51, 53, 48, 38, 41, 49, 47), dtype=int64), '2': array((50, 27, 39, 44, 47, 35, 28, 25, 37, 36, 29, 20, 21, 22, 13,  9, 18,
                    6,  2, 14, 15, 16,  4,  7, 24, 19,  1,  5,  8, 17, 12, 11,  0,  3,
                   10, 53, 49, 42, 55, 57, 45, 56, 54, 38, 23, 26, 31, 52, 51, 43, 33,
                   46, 48, 40, 30, 34, 32, 41), dtype=int64), '3': array((54, 29, 40, 42, 53, 23, 31, 34, 37, 39, 38, 17, 19, 22, 12, 10, 11,
                    3,  6, 13, 15,  8, 14, 16, 25, 27,  4,  5, 21,  0,  1, 18,  9,  7,
                    2, 32, 28, 46, 48, 57, 56, 55, 20, 44, 33, 26, 41, 52, 24, 45, 43,
                   50, 51, 49, 35, 30, 47, 36), dtype=int64), '4': array((57, 56, 55, 54, 53, 52, 51, 50, 49, 48, 47, 46, 45, 44, 43, 42, 41,
                   40, 39, 38, 37, 36, 35, 34, 33, 32, 31, 30, 29, 28, 27, 26, 25, 24,
                   23, 22, 21, 20, 19, 18, 17, 16, 15, 14, 13, 12, 11, 10,  9,  8,  7,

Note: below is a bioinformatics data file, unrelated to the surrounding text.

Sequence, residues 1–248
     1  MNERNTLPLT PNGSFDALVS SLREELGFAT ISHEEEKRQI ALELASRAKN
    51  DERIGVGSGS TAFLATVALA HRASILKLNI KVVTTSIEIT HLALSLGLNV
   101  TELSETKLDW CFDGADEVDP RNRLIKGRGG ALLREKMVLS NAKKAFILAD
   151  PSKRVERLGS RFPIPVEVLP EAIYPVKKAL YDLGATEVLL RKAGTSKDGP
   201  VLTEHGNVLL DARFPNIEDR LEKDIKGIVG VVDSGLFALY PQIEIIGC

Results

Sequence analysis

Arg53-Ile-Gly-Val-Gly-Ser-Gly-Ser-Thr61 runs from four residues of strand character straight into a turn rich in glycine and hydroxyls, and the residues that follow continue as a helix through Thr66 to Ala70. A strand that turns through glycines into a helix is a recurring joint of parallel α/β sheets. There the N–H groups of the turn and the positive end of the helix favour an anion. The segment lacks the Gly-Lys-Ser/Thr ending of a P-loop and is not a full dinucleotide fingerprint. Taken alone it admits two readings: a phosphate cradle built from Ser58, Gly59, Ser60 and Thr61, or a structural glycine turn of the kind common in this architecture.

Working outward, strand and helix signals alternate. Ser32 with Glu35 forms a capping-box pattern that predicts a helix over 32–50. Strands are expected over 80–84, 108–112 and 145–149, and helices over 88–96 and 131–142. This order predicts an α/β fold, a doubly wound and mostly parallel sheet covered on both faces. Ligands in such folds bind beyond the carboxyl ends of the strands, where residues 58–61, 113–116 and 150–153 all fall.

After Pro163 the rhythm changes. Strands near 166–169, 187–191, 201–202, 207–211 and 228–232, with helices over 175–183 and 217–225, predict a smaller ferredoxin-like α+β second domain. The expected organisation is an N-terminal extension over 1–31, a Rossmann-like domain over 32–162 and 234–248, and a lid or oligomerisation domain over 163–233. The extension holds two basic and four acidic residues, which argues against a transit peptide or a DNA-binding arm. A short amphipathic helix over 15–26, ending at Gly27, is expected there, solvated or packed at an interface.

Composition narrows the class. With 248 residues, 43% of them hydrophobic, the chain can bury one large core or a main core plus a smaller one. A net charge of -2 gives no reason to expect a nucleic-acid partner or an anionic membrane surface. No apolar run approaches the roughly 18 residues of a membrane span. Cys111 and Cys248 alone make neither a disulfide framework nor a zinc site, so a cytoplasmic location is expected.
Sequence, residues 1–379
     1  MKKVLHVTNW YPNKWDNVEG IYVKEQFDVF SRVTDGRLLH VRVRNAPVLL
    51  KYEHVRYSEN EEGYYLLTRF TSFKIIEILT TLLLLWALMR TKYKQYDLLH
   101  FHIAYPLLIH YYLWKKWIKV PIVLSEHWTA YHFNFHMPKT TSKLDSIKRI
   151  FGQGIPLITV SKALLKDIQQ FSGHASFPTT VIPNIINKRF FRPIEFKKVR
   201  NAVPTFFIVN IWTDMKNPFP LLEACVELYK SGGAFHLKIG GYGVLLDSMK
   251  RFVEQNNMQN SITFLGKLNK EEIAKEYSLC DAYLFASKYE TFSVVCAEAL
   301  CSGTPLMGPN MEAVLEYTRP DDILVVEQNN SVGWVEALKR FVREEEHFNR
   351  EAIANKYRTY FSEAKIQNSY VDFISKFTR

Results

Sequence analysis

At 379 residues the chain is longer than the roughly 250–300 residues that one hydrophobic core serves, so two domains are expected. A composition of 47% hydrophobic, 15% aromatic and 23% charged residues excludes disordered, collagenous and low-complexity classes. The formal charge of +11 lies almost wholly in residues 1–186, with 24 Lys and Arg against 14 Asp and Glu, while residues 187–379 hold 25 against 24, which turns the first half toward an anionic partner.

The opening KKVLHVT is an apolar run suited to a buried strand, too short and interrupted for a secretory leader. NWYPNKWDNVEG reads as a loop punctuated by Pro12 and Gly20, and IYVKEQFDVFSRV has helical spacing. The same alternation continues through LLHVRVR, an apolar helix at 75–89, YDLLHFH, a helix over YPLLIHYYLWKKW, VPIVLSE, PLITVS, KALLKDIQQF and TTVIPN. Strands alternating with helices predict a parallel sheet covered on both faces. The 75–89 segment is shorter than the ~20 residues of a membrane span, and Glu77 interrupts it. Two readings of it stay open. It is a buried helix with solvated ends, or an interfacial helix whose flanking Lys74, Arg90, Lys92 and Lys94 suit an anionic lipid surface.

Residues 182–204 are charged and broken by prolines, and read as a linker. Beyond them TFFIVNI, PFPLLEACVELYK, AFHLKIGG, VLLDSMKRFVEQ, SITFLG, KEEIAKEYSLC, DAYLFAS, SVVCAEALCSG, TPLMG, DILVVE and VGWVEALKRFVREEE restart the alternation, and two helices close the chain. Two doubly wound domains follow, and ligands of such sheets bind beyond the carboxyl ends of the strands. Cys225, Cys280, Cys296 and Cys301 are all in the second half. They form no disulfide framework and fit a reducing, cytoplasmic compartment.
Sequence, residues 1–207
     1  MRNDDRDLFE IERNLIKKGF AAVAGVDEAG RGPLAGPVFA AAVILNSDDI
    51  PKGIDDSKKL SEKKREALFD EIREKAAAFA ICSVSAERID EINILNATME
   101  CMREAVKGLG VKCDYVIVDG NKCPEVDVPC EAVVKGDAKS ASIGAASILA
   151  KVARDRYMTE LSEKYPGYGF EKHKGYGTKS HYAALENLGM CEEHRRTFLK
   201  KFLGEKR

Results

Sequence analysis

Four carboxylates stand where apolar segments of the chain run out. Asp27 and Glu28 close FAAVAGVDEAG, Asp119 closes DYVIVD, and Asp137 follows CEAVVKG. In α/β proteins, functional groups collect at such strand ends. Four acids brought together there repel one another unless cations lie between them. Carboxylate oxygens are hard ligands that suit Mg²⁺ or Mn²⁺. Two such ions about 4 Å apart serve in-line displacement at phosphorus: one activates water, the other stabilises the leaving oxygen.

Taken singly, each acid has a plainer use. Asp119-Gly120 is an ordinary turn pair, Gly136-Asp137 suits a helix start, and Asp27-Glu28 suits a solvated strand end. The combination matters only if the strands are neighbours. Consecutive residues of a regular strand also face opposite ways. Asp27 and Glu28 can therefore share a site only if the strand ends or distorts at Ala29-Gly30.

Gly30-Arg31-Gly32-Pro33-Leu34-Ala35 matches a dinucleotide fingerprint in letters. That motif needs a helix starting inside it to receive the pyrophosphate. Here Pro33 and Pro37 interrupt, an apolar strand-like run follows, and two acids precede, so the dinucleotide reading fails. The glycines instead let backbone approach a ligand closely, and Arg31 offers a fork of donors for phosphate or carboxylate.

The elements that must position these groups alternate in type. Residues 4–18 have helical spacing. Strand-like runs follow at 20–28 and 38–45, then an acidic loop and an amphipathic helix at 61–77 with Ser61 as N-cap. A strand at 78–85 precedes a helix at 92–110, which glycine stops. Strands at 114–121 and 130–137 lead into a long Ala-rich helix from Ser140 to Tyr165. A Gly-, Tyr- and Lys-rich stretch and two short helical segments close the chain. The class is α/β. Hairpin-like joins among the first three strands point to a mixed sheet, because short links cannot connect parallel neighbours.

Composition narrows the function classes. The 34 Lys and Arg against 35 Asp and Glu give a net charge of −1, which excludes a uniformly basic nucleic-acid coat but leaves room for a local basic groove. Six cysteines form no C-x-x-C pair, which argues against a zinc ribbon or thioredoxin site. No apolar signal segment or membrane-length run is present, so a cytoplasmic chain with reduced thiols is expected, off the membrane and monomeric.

6,  5,  4,  3,  2,  1,  0), dtype=int64)}

I tried to sort this dictionary this way:

dict={k: v for k, v in sorted(dict.items(), key=lambda item: item(1), reverse=True)}

Which returns the following error:

ValueError: The truth value of an array with more than one element is
ambiguous

What I understand: This is a dictionary containing an array of int64 arrays. Each int64 in the arrays inside dictate corresponds to a value of another variable that I NEED to pass to dictate. I need to order this dictate in descending order and I have tried various ways that went wrong.

Does anyone know how to resolve this error?

python: the value of the Pandas column compares and filters another column The truth value of a Series is ambiguous Error: a.any () or a.all ()